Touristinformation Wernigerode
Tel: 0049 (3943) 63 30 35
www.wernigerode-tourismus.de
Intrusive Rocks with Contact Zone Geological History of the Area
In the course of the Hercynian (Variscan) Orogeny, which began in the middle of the Carboniferous, sediments, for the most part marine, were folded, foliated and finally lifted up above sea level as a part of the large Variscan fold belt. As a result of these plate tectonic processes, hot liquid magma rose and became stuck in the rocks of the Harz, where it cooled down. This granite intrusion formed the present Brocken granite, the predominant rock type in the area of Landmark 4. Besides the granite, the Harzburg gabbro came up as another magmatic rock. These intrusions penetrated and melted the surrounding rocks, provoking a contact metamorphosis, through which the invaded rocks are stressed and altered. In the contact zones of the magmas with neighbouring sedimentary rocks, especially hard and resistant rocks known as hornfels developed under the influence of high temperatures. Examples of such hornfels are to be found all around the granite and gabbro rocks. The surroundings of the granite-gabbro massif is primarily composed of marine sediments deposited during the geological periods of the Devonian and the Early Carboniferous over a time span of about 440 to 320 million years ago. They consist above all of slate and greywacke, typical rock types of the Harz. In addition, there are intercalations of chert, sandstone and limestone. In the Devonian (about 390 to 370 million years ago), submarine volcanic eruptions formed the rock named diabase, a paleobasalt Only as the uplift and the erosion of the overlying sediments began did the intrusive rocks of the granite and the gabbro came up to the surface. In the wake of these processes, also the Ecker gneiss was exposed. The Brocken massif was sub sequently thrust up over younger rocks in the region of the n o r t h e r n margin in the course of the uplifting of the Harz, during which the rock beds were steeply elevated and partly overturned.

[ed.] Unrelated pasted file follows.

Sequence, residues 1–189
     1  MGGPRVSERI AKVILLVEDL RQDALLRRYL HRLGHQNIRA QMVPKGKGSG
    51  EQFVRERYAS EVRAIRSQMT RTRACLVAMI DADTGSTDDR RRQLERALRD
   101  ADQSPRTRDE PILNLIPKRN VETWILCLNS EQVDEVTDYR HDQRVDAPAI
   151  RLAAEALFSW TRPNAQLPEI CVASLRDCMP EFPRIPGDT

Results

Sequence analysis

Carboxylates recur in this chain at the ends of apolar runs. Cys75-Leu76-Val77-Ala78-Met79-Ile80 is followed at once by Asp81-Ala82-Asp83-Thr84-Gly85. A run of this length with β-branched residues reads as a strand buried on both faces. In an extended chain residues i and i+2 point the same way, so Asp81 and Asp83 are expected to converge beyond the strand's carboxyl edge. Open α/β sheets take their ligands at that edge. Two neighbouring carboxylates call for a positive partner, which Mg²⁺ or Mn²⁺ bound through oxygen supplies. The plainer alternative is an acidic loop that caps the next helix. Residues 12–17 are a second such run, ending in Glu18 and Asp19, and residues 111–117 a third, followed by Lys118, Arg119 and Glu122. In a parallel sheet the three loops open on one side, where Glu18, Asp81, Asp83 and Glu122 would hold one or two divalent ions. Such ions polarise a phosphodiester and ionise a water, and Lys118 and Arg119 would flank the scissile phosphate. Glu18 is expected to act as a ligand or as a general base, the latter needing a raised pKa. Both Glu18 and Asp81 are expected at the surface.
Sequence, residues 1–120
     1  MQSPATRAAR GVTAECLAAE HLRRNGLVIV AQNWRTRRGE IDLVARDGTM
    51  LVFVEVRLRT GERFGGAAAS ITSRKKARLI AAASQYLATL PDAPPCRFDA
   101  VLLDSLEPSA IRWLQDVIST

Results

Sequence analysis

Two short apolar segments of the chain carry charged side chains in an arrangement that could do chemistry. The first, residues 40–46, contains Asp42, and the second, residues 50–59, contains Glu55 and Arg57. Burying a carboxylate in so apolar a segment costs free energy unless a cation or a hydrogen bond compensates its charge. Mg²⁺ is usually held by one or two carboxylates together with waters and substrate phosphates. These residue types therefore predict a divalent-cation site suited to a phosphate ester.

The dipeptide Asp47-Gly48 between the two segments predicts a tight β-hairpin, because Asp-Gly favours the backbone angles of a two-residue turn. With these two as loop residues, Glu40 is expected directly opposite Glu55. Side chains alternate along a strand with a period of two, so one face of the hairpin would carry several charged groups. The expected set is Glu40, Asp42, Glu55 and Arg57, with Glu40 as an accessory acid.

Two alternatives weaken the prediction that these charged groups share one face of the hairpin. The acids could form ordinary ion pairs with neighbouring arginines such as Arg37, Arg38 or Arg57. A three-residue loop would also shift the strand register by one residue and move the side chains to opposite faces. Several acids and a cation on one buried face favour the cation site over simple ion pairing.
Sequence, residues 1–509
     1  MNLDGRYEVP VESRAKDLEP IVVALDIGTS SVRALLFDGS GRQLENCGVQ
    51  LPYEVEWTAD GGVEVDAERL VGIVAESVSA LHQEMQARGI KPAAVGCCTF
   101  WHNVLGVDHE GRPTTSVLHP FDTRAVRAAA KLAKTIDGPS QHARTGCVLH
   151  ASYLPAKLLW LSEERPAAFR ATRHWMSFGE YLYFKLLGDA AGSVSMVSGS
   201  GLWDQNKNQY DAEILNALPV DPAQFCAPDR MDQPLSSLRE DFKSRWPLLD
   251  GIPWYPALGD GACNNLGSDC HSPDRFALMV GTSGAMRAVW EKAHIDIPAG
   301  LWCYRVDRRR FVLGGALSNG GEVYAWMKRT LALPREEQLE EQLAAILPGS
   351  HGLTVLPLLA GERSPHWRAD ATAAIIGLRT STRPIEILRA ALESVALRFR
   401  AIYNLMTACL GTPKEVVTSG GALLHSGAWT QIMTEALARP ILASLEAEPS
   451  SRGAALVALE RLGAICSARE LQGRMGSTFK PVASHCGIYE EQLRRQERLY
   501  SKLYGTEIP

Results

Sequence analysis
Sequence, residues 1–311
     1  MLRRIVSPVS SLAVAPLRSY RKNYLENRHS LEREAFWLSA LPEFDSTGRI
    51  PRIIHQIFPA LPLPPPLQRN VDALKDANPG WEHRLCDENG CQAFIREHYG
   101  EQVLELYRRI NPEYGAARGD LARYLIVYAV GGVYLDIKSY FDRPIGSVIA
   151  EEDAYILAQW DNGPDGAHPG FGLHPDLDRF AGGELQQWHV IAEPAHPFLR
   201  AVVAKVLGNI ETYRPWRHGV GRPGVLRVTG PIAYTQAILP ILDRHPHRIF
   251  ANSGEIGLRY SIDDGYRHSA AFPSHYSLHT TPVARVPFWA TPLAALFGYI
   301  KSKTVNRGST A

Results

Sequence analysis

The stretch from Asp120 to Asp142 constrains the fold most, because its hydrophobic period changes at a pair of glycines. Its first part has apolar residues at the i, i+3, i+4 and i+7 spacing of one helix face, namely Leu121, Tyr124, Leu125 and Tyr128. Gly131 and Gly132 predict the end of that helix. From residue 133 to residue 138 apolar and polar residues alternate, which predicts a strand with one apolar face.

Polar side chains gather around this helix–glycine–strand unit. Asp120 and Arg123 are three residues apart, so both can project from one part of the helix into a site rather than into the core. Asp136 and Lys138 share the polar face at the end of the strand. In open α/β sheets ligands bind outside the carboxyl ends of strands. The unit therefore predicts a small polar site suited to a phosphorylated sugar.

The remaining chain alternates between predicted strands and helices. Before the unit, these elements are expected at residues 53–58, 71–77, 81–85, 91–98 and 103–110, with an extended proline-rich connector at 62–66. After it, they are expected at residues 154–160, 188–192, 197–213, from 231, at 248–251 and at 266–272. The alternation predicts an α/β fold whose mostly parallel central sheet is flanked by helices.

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Selected Points of Information
Restaurants and Accommodations
MotivHotel Brockenscheideck
Schierke – Brockenstraße 49
www.harz-hotel-brockenscheideck.de
Tel.: 0049 (39455) 268
MotivHotel König
Schierke – Kirchberg 15
www.harz-hotel-koenig.de
Tel.: 0049 (39455) 383
MotivBrockenhotel
Schierke - Brockenplateau
www.brockenherberge.de
Tel.: 0049 (39455) 120
MotivCafe Winkler
Schierke – Barenberg 1
www.brockenwirt.de
Tel.: 0049 (39455) 235
MotivRestaurant Grimbart’s
Braunlage
www.grimbarts-Braunlage.de
Tel.: 0049 (5520) 94310
MotivWurmberg Alm
Braunlage
www.wurmberg-alm.de
Tel.: 0049 (5520) 7 21
Publisher: Regionalverband Harz e. V., Hohe Straße 6, 06484 Quedlinburg
0049 3946 – 96410, Email: rvh@harzregion.de
2., revised Editon, 10 – 25 k
© Regionalverband Harz e. V.
Quedlinburg 2012. All rights reserved.
Internet: www.harzregion.de
Authors: Dr. Friedhart Knolle, Dr. Klaus George
Photos: Dr. Klaus George, Walter Wimmer
Graphic: Dr. Hans-Joachim Franzke (Sketch), Irene Joß
Translation: Dr. Torsten Steiger, Dr. Harriett Watts, Dr. Friedhard Knolle
Conception: Design Office Agentur für Kommunikation, Wernigerode
Printing: Creaktiv, Goslar